This dissertation documents a range and variation of postgraduate science students’ experiences in terms of degree experiences and post-graduation outcomes from a Workplace Learning perspective. Study one is a narrative study of six Canadian science doctoral students over two and a half years. Narrative analysis of data, including logs and interviews, identified three case-pairs related to overall affordances/supports received and anticipated career outcomes. They were termed: positive-professional, positive-academic, and challenging-uncertain. Three affordances of interest were also identified across the cases: research projects, supervision, and colleagues. Variations in affordances and their relationship to the case-pairings were explored. Study two is a mixed-methods study of the experiences of nine Canadian science doctoral students at two institutions over four years. Narrative analysis of data including logs and interviews resulted in three case-groupings related to career outcomes/outlooks: positive outcome, positive outlook, and uncertain outlook. Quantitative analysis of the logs identified three metrics which related to these outcomes/outlooks: number of publications per year, percentage of logs reporting research difficulties, and percentage of times supervisory help was received when needed. The relationship between these metrics and the case-groupings were then explored thematically. Study three is a primarily quantitative study that examines the experiences of thirty-six masters and doctoral students across the UK. The data were comprised of surveys and follow-up interviews. Principal components analysis and Spearman correlations were used to analyse the surveys. This analysis resulted in multiple factors, including two project descriptions based on the subject of study: social-case and cognitive-physiological. In turn, each related to a pattern of research practices (e.g., quantitative, qualitative) and affordances (teamwork, supervision, mentorship) more typically described for the social sciences and the sciences, respectively, as opposed to one broad set of practices and affordances across the discipline as has been more commonly described. Interviews were used to contextualise these findings.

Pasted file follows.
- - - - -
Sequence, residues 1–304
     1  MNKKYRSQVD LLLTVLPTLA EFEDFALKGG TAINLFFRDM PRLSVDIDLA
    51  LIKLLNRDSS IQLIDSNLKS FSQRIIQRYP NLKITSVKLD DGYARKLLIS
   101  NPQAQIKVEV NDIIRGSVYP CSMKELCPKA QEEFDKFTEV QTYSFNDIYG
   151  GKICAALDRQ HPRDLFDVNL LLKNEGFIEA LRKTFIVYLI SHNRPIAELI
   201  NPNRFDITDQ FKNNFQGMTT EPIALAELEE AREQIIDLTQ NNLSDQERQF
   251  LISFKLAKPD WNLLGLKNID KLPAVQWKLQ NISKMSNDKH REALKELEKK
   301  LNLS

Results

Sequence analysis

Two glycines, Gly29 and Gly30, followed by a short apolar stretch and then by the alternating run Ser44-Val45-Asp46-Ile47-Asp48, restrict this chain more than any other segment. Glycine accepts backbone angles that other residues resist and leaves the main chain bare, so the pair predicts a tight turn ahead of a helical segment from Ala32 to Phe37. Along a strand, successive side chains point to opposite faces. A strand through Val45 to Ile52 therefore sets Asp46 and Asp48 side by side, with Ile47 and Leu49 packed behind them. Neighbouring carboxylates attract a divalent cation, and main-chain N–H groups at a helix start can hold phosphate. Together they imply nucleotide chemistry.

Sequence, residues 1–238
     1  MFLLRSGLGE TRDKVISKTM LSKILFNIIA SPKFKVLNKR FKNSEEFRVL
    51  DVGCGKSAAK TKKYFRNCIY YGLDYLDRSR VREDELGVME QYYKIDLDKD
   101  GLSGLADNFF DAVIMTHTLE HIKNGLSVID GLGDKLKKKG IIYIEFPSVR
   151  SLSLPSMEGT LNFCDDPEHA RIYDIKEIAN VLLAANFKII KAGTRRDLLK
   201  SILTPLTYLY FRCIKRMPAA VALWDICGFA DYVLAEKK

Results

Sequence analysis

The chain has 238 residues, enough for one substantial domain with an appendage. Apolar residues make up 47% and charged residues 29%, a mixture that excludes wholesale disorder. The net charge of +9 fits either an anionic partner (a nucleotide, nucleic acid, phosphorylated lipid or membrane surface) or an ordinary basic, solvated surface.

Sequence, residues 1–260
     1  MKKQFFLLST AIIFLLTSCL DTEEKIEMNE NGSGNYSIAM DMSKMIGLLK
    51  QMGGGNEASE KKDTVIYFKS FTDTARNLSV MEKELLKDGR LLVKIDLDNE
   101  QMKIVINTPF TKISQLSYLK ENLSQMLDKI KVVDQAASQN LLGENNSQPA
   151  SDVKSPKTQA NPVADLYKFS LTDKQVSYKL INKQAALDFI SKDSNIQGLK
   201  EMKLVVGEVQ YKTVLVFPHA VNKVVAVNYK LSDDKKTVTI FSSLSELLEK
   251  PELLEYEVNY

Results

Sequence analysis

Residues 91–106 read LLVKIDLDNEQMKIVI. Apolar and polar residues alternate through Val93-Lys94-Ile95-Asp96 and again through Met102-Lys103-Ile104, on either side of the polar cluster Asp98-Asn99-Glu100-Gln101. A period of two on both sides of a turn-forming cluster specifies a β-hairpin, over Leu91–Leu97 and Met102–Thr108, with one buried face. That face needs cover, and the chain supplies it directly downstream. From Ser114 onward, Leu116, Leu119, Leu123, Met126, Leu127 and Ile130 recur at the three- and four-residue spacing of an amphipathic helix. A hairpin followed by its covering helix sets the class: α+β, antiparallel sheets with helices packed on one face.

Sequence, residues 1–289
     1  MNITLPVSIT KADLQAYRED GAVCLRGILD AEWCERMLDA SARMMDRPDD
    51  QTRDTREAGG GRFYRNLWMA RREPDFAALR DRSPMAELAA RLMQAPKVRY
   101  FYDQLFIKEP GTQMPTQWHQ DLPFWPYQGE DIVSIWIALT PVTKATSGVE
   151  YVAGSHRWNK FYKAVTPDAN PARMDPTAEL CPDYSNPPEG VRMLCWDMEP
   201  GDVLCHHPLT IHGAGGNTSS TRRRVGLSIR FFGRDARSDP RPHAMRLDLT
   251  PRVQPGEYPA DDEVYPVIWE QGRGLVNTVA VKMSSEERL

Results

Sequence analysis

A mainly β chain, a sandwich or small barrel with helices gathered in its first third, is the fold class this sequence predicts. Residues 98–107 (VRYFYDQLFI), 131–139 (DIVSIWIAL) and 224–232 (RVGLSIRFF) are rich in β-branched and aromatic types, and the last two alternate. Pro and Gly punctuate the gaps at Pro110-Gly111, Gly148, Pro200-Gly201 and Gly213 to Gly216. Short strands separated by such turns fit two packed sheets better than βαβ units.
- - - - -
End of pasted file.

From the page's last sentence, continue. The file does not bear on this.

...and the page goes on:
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Thesis advisor: Amundsen, Cheryl
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